If you’re starting to lose patches of hair, or you know for a fact that your father did, it may be time to look into the different stages of male pattern baldness and get involved in counteracting or treating your own hair loss now. The popular Norwood Hamilton Scale has 7 stages which range from no hair loss to near-total hair loss. A basic version looks something like this:

 

7 Stages Signs
Stage 1 No hair loss.
Stage 2 Some hairline recession in front, slight temporal recession.
Stage 3 Temporal recession increases.
Stage 4 Baldness at the crown.
Stage 5 Baldness at front meets crown baldness.
Stage 6 Hair loss in backof head becomes more prevalent.
Stage 7 Hair only at back and sides of head.

Information from: http://www.drbatras.com/en/hair-loss/male-pattern-baldness.aspx

Below you can see graphically each of the seven stages:

 

Norwood Scale

Norwood Scale

Read on for a more complete overview of each stage, keeping in mind that temporal recession is harder to correct than other types of recession. If you are showing signs of temporal recession in any stage, it’s important to start looking at your options now if you don’t want to get to Stage 7 and beyond.

 

Stage 1

 

Perfect, even hair growth over the front, sides, and back of the head. This one can hardly even be considered a stage since it shows no signs of hair loss, which could mean you’re going to be one of the lucky people who won’t have Male Pattern Baldness. If you’re here, enjoy your full head of hair.

 

Stage 2

 

This marks the start of hair loss with mostly minor hairline recession and the beginnings of more serious temporal recession. If you’re here, you may be getting your first taste of Male Pattern Baldness. But don’t start worrying yet—hair loss at this stage is much easier to counteract than in later stages.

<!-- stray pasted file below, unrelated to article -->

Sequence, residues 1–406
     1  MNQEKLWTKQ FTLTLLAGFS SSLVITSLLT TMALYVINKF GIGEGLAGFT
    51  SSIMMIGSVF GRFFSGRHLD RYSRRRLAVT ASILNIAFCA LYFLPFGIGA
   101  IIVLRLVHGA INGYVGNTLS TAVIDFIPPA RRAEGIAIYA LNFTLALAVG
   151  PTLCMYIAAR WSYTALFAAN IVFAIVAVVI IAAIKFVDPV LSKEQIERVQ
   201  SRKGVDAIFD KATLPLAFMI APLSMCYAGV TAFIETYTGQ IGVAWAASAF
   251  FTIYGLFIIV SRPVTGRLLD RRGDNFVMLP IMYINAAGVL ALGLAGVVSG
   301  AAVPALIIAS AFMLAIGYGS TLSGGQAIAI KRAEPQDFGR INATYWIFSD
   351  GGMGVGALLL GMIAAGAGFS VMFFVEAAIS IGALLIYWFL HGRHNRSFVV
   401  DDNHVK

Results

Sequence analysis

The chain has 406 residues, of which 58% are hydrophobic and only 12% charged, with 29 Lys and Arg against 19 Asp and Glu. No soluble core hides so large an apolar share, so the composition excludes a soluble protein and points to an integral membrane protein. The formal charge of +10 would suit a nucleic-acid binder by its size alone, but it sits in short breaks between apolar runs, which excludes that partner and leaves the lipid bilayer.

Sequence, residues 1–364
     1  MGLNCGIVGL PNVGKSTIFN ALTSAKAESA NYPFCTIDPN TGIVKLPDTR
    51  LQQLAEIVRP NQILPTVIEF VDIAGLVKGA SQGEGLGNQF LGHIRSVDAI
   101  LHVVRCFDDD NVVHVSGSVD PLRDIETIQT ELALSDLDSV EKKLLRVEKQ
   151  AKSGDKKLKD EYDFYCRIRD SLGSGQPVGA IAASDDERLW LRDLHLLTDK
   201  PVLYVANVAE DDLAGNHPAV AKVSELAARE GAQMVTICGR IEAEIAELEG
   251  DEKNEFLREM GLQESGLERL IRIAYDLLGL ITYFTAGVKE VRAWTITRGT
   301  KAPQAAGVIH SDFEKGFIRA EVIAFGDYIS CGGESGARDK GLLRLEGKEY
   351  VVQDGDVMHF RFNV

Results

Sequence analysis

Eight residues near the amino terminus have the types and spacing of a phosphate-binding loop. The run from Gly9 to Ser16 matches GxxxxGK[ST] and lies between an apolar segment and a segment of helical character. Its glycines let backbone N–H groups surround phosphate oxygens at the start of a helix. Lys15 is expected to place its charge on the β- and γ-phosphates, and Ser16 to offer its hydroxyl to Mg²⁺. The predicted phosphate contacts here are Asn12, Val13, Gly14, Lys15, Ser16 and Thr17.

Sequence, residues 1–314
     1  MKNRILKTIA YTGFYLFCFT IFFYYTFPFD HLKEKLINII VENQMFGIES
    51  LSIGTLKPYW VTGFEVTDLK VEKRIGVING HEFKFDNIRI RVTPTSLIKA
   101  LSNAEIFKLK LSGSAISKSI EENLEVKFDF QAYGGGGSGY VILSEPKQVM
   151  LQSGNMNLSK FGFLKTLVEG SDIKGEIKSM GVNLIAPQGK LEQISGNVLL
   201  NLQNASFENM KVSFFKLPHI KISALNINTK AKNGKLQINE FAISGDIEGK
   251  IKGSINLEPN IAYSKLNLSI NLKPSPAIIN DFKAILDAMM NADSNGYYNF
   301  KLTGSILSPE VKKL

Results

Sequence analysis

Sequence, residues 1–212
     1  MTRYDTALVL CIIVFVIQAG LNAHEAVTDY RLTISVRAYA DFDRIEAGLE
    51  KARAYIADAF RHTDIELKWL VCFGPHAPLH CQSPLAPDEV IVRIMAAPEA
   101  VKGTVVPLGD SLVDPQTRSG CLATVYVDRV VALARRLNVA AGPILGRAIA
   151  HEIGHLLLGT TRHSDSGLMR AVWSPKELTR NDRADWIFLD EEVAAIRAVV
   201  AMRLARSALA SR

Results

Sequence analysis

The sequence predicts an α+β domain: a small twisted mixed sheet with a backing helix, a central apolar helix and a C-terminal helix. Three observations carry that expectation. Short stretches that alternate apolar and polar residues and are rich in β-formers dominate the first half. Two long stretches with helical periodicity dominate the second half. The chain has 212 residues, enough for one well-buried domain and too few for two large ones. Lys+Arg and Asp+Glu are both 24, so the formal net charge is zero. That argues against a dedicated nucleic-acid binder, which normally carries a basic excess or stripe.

Stage 3

 

In this stage, temporal recession picks up and you’ll probably start seeing a defined widow’s peak form at the front of your head. You may have full hair at the crown at this point, but probably not for long. If you haven’t been looking at hair loss treatments by this point, now is the time to begin.

 

Stage 4

 

At this point your hairline will continue to recede, and you’ll start losing more hair at the crown. Hair regrowth may still be possible without surgery, but you’ll have to act quickly. If you’re here, compile a list of treatment options and discuss them with a medical professional. Develop strategies to stop more drastic hair loss, since you’re probably headed there.

 

Stage 5

 

Hair loss at the front expands with hair loss at the crown. The two balding areas start to consolidate, leaving a smaller strip of hair between them. You’ve already lost a lot of hair at this point, but drastic efforts may keep you from losing more. Your treatment methods will have to become more aggressive at this point.

 

Stage 6

 

Here you start to lose the strip separating front-area hair loss from crown-area hair loss. Hair is mostly relegated to the back and sides of the head. You probably don’t have a lot of options now except a hairpiece. Come to terms with your hair loss: it’s a common part of aging, and it isn’t the end of the world.

 

Stage 7

 

Almost total hair loss with hair wrapping around the back and sides of the head. You may or may not go completely bald, but this is the end of the line for Male Pattern Baldness. Preferably you’ll develop a sense of humor or at least make your peace with it. Congratulations, as a matter of fact—your hair is now much easier to take care of.

 

 


 

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